Hanoi, 9 September 2018
We dropped pass the famed Mara River where we saw a bunch of Hippos chilling out on the rock, taking a dip in the river or just swimming. They are massive but extremely fast, funny looking, seemingly playful but yet the most dangerous of them all! then we saw another lion resting in a bush before our lunch stop. Under a Mara tree, Evan put down 2 picnic blanket as we rest, ate and chatted on the things we had seen in the long morning. Far beyond the ditch nearby a giraffe walked passed to his luncheon – a tree. I was told I had eagle eyes to have spotted that!
The great migration
We passed a few more giraffes (there 3 of them lazily plucking some top leave with their long necks right by the side road – I was fulfilled) then Steven howled “There now they are running!”. I looked out and saw a sea of wildebeests running in line. They ran for a bit and gathered at the end by the river. The queue was endless, blackened the horizon. So many of them! Crikey we finally saw them running, fast.
The god speed beauty
Evan got some tips from the Radio – “Guys I’m not promising but are you reading to go for a hunt? I think we may be able find a leopard”. Sure chief! Even, with his great navigation skills, guided the driver (OFF ROAD of course) through savannah and bushes. I had no clue where they were heading and how they knew where they were heading. By then all the trees looked pretty much the same. I thought they numbered the trees and learnt them all by heart! Across the meadow, a few gazelles naively trolled around and behind a shrub, strangely, a “leopard” lied. 2, 3, then 4 cars surrounded him. He was not scared. He was not bothered. He was beautiful. Small, full of rosettes, relaxed. This was a rare sight in Maasai Mara these days given the number of them had gone down significantly due to illegal hunting for their beautifully painted skin. I did my 2nd attempt with the iPhone6 x binoculars production and the photos are decent! As we were about to drive away, we noticed his change of positions, almost like preparing for a run. The gazelles were in his sight. The ferocity was not there but he wanted to play I thought. Our car blocked his view for a second and we thought he gave up the idea. We reversed slightly, the preys started to run away and he speeded through the group. Missed!. “Oh no we was too slow”, cried Steven. What on earth had I just seen I thought to myself? Like a dream comes true.
I was good with this drive, more than good. I saw many wonderful things, I got sun burnt, I was holding my w**, I thought we could really call it a day and go back to the resort or a glass of rawa (Kenyan’s own vodka based cocktail with aid of honey and lemon). But Evan kept going and going, up and down this little stream and passing these particular bushes so many time (Yes, I remembered the bushes now!). He was very keen to find something in the water. What he did not tell us!. We almost gave up when we saw a family of 5 elephants down the stream eating and drinking. A little one was very shy.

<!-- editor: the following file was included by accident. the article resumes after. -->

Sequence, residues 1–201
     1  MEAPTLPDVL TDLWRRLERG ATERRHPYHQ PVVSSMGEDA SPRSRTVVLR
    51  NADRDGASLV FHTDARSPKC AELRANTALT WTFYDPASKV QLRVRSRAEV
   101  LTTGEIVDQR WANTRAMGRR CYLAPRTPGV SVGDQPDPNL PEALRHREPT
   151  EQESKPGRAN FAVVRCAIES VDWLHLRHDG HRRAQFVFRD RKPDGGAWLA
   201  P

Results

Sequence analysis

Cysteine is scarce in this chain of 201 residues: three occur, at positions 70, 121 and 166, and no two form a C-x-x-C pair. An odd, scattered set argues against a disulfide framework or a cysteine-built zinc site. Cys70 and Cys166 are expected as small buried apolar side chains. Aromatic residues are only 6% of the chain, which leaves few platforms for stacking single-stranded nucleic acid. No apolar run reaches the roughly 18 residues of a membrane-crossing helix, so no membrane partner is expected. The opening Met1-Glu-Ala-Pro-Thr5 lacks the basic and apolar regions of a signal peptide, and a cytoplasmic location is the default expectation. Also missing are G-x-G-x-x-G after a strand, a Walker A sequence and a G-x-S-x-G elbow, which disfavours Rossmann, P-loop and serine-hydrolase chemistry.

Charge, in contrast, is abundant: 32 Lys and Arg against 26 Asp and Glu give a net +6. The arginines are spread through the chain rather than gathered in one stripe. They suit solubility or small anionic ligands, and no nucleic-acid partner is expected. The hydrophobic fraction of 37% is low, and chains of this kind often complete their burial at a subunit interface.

– They looked so gentle. But I’m scared of them because they are so big. – I said.
– Elephants can be very dangerous. You know they destroyed some village in Vietnam. – Steven remarked on a few years old news in Ban Me Thuat, the highland of Vietnam.
– Yes, but we did them wrong. – I lingered on that thought for a while.
Only 2 years ago, over 172 millions USD worth of tusks & horns, of 8000 elephants and 343 rhinos, were caught from illegal poaching and trading and burnt in nairobi National Park. Recently there is a media circus on WWF’s marketing scheme of a fake Ivory brand in Singapore, one of the few countries that have not banned ivory trade till today. The band received tremendous oppositions from the public, which the WWF claimed would help to pass this bill in the government.
The lost one
So that 4 out of 5 members of the “Big Five” we had seen that day. I didn’t think we’d see rhinos. There are over 1,300 of them were poached last year, mostly in South Africa.
In Spring this year, over night, a life size scupture of three rhinos, “The Last Three”, was installed in St Mark place New York City, a few block from my apartment. Sudan, the last male rhinos, died in March, leaving Najin and Fatu the last two Northern white rhinos in the world, living in conservation camp and under 24 hour armed guards. We know they are waiting their extinction long time ago as they were no longer able to reproduce.
We slowly made our way back, burnt and exhausted. The someone who said “Save the best for last” is a genius – 6 giraffes harvesting off a tall tree. So pretty and tall! If only I could adopt them all. More photos and videos!
Later at dinner, we figured out the one we saw was a cheetah, not a leopard. Can you tell the differences?
And I heard all the wild noise that night.